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What is the correct test for constructive dismissal?

Posted on 4th November 2013
Case law

Does a repudiatory breach of contract by an employer need to be the main reason for an employee’s resignation or is it sufficient that it is one of the reasons for the resignation? This is a point clarified by the Employment Appeal Tribunal.

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Adrian Green Adrian
Senior Employment Law Solicitor Telephone: 01473 694403

the repudiatory breach by the employer does not need to be the only or even the most important reason for the employee resigning

Ms Elaine Wright v North Ayrshire Council UKEATS/0017/13


In certain situations an employee may resign and claim they have been constructively dismissed. To succeed the employee must show that the:

  • employer breached a fundamental term of the contract of employment;
  • employee resigned because of the breach; and
  • employee has not accepted the breach and affirmed the contract of employment.

The facts

Ms Wright was employed as a 'Care at Home Assistant' by North Ayrshire Council (‘NAC’).

In 2010 Ms Wright raised three grievances with NAC. NAC failed to respond to two of the grievances and did not respond quickly enough to the third. In addition Ms Wright was wrongly accused of theft.

As well as her problems at work Ms Wright had a difficult personal life. Her mother passed away and around the same time her partner suffered a serious stroke and Ms Wright needed to care for him. Her shifts at work made this difficult. She tried to reorganise her work pattern to allow her to care for her partner. 

On 24 November 2010 Ms Wright resigned and later submitted a claim for constructive unfair dismissal. She claimed NAC had breached the implied term of trust and confidence by failing to properly deal with her grievances and its poor treatment of her.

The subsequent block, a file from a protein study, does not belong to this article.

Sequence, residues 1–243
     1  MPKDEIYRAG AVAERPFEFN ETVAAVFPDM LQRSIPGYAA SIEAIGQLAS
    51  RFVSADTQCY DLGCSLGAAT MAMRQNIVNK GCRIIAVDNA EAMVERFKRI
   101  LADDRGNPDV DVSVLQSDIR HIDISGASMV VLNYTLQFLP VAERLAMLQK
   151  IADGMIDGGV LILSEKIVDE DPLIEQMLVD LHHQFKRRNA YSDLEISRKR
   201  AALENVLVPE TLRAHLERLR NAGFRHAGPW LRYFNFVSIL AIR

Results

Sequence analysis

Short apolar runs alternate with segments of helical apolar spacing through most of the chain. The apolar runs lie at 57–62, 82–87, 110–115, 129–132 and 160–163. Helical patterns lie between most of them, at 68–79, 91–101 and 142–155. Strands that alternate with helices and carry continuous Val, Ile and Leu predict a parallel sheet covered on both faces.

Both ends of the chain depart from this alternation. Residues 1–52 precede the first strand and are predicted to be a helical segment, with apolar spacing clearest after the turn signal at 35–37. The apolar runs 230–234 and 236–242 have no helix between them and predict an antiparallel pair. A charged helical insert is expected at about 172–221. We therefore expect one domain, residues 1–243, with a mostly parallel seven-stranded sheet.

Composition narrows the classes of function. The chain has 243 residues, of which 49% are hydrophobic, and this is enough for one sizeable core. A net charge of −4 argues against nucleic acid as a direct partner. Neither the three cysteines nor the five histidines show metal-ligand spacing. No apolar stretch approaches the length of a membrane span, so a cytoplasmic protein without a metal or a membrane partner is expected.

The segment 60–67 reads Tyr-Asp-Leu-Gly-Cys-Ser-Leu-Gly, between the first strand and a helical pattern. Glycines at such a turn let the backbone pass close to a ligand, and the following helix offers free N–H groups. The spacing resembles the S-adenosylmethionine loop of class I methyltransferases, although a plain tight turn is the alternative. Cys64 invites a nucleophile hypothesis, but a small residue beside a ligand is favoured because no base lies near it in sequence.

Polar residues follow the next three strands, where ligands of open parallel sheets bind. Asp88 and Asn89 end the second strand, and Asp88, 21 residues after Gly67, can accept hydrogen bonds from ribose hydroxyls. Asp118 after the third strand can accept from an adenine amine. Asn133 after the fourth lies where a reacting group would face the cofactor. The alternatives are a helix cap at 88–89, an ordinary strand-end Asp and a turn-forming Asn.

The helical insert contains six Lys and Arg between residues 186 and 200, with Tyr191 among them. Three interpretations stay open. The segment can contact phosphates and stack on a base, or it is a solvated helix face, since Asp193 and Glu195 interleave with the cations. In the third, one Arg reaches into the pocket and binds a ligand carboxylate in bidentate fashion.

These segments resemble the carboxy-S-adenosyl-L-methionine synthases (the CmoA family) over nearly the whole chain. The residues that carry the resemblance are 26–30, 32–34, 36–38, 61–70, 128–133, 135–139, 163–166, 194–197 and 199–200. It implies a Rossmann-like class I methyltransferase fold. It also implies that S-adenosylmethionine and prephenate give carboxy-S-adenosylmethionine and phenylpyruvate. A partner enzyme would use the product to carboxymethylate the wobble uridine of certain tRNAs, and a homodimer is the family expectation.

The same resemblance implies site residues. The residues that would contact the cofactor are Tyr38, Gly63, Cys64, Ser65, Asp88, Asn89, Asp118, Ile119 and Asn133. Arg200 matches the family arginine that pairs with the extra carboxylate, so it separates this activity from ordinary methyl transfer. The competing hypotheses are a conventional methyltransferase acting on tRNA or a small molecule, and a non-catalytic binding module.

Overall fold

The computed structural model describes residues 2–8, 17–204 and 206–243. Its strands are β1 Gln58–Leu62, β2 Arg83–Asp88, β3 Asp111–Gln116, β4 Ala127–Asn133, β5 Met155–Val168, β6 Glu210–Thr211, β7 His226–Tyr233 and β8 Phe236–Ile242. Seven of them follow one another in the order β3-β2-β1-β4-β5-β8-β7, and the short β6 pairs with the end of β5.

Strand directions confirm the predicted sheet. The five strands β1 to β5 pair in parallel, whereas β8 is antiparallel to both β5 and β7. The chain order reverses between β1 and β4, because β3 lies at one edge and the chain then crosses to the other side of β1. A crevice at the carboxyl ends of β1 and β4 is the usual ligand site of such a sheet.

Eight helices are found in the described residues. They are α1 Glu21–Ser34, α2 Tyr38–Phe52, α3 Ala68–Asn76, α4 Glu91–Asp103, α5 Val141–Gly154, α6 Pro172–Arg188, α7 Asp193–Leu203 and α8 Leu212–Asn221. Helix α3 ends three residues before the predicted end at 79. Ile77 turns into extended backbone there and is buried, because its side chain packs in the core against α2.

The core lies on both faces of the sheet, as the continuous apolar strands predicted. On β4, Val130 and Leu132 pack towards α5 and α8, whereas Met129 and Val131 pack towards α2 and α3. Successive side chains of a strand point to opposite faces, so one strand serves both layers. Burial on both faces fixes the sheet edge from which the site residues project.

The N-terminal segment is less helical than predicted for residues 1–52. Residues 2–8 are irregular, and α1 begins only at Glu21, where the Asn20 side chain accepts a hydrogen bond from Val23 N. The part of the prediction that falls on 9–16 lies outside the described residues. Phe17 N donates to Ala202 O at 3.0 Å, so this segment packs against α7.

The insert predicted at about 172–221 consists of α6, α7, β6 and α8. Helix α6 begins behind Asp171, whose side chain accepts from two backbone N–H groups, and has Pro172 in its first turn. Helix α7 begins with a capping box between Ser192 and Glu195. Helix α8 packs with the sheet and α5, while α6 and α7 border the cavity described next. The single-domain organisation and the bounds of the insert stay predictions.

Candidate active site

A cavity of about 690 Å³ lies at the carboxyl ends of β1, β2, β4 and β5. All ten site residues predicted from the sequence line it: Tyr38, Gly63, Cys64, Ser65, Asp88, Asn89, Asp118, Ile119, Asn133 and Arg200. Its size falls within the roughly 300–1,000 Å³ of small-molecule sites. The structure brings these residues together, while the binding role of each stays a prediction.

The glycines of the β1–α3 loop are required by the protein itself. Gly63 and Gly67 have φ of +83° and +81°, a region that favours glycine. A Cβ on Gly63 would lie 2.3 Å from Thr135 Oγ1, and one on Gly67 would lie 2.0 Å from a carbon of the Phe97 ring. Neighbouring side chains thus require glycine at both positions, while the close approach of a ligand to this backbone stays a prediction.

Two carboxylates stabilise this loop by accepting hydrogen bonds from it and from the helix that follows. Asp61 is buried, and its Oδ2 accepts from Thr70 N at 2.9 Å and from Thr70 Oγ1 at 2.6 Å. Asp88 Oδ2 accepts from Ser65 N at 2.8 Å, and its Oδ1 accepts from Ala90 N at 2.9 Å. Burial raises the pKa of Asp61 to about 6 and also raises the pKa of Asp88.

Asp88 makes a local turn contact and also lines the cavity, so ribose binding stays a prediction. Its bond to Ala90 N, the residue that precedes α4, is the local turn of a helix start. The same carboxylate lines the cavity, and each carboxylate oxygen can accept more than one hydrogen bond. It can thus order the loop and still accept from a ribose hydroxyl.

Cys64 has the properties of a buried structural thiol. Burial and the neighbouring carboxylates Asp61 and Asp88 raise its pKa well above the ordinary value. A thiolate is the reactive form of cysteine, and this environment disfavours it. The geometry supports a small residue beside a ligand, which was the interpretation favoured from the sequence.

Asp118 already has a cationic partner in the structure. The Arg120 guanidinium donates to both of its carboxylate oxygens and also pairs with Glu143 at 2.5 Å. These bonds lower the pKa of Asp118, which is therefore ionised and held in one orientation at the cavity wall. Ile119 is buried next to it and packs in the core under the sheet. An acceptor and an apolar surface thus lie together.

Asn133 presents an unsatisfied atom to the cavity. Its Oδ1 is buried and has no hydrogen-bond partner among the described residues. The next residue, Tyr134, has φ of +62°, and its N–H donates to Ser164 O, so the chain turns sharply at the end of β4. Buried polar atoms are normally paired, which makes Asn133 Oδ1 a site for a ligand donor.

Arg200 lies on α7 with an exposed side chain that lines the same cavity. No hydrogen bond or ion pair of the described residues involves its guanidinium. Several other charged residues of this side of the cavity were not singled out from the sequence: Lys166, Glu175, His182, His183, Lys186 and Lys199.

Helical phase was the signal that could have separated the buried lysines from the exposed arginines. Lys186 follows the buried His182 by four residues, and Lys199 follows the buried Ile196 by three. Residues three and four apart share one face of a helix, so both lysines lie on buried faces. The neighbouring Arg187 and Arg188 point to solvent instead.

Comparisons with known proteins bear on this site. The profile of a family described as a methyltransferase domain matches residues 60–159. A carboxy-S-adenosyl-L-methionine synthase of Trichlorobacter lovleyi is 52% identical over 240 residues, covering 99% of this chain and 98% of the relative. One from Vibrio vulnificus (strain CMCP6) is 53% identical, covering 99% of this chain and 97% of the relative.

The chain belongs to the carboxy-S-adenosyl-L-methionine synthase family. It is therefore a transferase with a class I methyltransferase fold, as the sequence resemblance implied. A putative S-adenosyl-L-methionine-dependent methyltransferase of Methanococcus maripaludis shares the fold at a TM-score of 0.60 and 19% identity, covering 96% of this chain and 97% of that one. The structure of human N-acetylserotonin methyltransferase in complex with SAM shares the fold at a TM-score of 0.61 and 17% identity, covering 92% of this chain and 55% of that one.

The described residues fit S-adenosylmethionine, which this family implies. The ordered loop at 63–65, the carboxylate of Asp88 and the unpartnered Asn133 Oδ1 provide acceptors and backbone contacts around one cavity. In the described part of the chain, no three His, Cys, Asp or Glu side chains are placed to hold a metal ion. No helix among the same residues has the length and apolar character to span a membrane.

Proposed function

The decision

The employment tribunal found that NAC had breached a fundamental term of the employment contract and Ms Wright had not affirmed the contract. As to why she had resigned, the employment tribunal decided that ‘the effective cause’ of her resignation was her inability to continue to work full-time and care for her partner. The employment tribunal therefore decided, as the treatment by NAC was not the effective cause, Ms Wright had not been constructively dismissed. Ms Wright appealed.
The EAT concluded that the employment tribunal had used the wrong test. The repudiatory breach does not need to be the only or even the most important reason for the employee resigning. It is sufficient that it is one of the reasons for the resignation. The case has been sent back to the employment tribunal to decide if the treatment by NAC was also a factor.

In practice

This case has practical implications for two reasons.

Firstly, it highlights the importance of dealing with grievances. Failure to respond to and deal with them promptly may amount to a repudiatory breach of contract entitling the employee to resign and claim constructive dismissal.

Secondly, claims for constructive dismissal can succeed even if the employee has more than one reason for resigning. They may have found a new job but if the actions of the employer is one of the reasons they are leaving the claim will still be successful.

At Quantrills our specialist employment law solicitors can advise you on how best to handle even the most difficult employee grievances.

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